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barriers to entry, Berlin Wall, Big bang: deregulation of the City of London, blue-collar work, Bretton Woods, clean water, computer age, Corn Laws, cross-subsidies, David Ricardo: comparative advantage, dematerialisation, Diane Coyle, Edward Glaeser, everywhere but in the productivity statistics, financial deregulation, full employment, global village, hiring and firing, Howard Rheingold, income inequality, informal economy, invisible hand, Jane Jacobs, Joseph Schumpeter, knowledge economy, labour market flexibility, laissez-faire capitalism, lump of labour, Marshall McLuhan, McJob, microcredit, Network effects, new economy, Nick Leeson, night-watchman state, North Sea oil, offshore financial centre, pension reform, pensions crisis, Ronald Reagan, Silicon Valley, spinning jenny, The Death and Life of Great American Cities, the market place, The Wealth of Nations by Adam Smith, Thorstein Veblen, Tobin tax, two tier labour market, very high income, War on Poverty, winner-take-all economy, working-age population
As the last chapter argued, the dematerialisation of value means the economically efficient scale of government has changed, and it has become increasingly clear that national governments cannot manage the national economy as effectively as they have in the past. Even so, the failure of mainstream politicians to acknowledge that the world is a different place has handed those in favour of free markets and a minimal, night watchman state easy victories. For there is no question that in an increasingly weightless world, with a dramatic increase in the scale and scope of uncertainty, markets play an essential role. There is no possibility of corporatism, of management from the centre of the national economy. Free markets send crucial price and demand signals, and in effect devolve decision-making to the most dispersed level possible.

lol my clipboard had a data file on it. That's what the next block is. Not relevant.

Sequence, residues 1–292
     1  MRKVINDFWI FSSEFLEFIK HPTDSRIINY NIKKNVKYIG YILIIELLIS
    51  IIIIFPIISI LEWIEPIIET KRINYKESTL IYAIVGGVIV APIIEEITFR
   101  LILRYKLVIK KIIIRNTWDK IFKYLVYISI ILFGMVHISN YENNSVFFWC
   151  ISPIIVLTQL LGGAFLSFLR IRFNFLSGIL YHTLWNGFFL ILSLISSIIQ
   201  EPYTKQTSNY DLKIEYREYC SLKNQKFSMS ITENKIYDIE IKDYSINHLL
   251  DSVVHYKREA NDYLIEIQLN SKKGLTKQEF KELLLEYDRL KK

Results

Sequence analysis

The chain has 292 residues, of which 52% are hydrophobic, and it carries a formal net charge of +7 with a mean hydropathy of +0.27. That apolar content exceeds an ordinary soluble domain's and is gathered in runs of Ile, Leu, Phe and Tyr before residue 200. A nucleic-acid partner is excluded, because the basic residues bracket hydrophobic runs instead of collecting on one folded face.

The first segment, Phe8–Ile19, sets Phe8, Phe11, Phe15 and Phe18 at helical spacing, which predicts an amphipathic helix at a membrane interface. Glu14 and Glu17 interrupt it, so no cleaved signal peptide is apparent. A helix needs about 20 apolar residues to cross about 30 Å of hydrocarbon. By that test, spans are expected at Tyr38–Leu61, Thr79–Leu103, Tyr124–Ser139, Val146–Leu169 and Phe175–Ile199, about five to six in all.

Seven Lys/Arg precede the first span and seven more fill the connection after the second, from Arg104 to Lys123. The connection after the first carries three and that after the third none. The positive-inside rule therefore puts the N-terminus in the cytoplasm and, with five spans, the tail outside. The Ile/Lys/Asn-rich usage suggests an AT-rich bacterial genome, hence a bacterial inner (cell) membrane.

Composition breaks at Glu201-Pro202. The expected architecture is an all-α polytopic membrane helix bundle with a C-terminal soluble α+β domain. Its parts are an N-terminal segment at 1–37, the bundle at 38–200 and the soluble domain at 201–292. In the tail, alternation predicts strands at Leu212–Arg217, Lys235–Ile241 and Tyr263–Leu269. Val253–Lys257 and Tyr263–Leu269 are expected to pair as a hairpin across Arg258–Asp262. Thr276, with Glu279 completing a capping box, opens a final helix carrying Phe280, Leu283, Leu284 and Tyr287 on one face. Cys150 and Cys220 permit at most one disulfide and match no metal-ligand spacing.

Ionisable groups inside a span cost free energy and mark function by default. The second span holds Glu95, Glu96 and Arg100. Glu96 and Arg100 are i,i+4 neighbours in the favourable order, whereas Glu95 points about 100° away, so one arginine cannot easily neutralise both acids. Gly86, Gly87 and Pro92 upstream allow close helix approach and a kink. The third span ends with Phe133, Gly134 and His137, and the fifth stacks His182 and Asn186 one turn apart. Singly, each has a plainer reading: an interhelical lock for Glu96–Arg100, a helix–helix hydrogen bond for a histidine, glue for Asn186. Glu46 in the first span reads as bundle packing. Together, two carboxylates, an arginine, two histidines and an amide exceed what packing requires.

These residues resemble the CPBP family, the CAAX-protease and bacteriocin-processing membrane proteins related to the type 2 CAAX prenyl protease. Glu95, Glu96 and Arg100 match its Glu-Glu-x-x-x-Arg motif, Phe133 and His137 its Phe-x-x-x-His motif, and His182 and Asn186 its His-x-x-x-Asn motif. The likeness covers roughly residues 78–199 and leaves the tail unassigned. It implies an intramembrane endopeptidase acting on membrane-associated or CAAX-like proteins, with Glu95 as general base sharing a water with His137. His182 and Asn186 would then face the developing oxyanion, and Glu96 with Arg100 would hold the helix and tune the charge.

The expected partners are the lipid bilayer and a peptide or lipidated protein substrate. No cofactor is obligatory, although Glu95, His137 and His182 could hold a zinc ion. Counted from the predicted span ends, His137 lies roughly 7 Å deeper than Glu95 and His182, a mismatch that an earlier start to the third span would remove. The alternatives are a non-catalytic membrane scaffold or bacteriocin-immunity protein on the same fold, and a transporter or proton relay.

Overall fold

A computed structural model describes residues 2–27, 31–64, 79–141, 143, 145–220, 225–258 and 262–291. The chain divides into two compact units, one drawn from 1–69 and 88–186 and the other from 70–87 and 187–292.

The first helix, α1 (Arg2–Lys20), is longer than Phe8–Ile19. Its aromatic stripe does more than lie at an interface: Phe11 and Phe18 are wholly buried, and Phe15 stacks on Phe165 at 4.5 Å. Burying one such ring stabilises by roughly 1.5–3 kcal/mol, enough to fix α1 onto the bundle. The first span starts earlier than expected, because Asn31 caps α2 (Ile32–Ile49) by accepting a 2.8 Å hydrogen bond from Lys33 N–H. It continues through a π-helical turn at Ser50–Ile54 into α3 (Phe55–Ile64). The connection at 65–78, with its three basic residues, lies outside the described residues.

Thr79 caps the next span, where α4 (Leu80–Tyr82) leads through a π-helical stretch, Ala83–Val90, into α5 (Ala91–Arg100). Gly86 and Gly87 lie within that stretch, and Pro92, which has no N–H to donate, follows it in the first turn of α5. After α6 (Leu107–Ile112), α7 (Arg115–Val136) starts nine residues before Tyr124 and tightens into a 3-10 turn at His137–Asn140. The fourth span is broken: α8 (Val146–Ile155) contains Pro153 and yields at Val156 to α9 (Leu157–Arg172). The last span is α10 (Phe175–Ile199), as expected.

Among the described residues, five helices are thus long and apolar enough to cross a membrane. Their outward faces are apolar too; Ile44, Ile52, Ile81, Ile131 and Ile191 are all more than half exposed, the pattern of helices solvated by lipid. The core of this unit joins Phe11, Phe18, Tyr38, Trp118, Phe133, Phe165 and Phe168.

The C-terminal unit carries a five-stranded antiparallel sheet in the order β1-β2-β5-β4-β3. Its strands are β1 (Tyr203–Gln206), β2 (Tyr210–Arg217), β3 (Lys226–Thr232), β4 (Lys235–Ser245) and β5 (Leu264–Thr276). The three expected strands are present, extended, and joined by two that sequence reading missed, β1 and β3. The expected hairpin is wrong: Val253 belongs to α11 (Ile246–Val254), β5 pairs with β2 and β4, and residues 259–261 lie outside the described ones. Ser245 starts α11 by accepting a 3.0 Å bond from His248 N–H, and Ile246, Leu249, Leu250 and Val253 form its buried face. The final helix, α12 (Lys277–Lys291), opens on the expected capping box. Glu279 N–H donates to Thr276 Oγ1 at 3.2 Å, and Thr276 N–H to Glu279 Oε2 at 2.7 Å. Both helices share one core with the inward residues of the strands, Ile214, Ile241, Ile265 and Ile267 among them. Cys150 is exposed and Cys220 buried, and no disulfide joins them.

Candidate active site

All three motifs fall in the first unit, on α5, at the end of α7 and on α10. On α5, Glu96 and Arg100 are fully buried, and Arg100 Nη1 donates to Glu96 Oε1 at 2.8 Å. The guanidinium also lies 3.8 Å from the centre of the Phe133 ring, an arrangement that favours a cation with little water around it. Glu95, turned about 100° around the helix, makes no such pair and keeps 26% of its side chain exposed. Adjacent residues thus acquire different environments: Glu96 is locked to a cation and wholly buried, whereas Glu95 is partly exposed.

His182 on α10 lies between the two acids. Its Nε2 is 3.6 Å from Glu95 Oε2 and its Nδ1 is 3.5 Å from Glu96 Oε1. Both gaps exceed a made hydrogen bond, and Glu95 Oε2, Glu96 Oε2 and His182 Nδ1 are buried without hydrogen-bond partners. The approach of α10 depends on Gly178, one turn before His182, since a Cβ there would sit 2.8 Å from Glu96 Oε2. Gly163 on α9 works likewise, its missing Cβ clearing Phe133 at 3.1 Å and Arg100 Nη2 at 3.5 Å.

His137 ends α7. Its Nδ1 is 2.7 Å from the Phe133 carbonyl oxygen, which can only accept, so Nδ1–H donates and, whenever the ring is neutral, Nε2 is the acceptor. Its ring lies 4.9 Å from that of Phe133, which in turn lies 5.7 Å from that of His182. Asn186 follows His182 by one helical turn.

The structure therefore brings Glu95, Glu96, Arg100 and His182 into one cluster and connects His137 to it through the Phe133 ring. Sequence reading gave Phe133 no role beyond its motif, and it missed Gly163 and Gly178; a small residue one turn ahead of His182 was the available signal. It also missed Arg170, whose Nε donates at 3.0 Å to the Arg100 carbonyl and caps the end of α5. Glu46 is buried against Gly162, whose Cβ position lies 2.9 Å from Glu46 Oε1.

She must operate mainly in the social economy, where she ‘trades’ services like child care and helping people who have similar businesses to hers. The nanny state we still have makes life extraordinarily difficult for people like Jennie because it was designed for a fixed world of male, full-time work, which has been consigned to the dustbin of history. The rules cannot accommodate the new, flexible pattern. The night watchman state would respond by shrinking the tax and benefit net to the point where it did little to influence people’s choices. The teacher state might, on the other hand, The Weightless World 214 encourage every individual, regardless of their marital status, sex or source of income, to save for their pension by offering tax relief on incomes paid out of their personal retirement plan in old age.
The Establishment: And How They Get Away With It by Owen Jones